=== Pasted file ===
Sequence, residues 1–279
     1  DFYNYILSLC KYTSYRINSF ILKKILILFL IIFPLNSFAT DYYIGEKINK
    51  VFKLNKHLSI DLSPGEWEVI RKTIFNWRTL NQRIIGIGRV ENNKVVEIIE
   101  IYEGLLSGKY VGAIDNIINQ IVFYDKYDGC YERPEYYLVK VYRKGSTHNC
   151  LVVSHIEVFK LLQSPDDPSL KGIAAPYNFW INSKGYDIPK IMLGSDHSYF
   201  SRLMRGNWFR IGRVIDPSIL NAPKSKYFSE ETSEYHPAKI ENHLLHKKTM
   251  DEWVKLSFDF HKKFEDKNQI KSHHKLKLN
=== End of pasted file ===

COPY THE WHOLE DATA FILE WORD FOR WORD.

Sequence, residues 1–279
     1  DFYNYILSLC KYTSYRINSF ILKKILILFL IIFPLNSFAT DYYIGEKINK
    51  VFKLNKHLSI DLSPGEWEVI RKTIFNWRTL NQRIIGIGRV ENNKVVEIIE
   101  IYEGLLSGKY VGAIDNIINQ IVFYDKYDGC YERPEYYLVK VYRKGSTHNC
   151  LVVSHIEVFK LLQSPDDPSL KGIAAPYNFW INSKGYDIPK IMLGSDHSYF
   201  SRLMRGNWFR IGRVIDPSIL NAPKSKYFSE ETSEYHPAKI ENHLLHKKTM
   251  DEWVKLSFDF HKKFEDKNQI KSHHKLKLN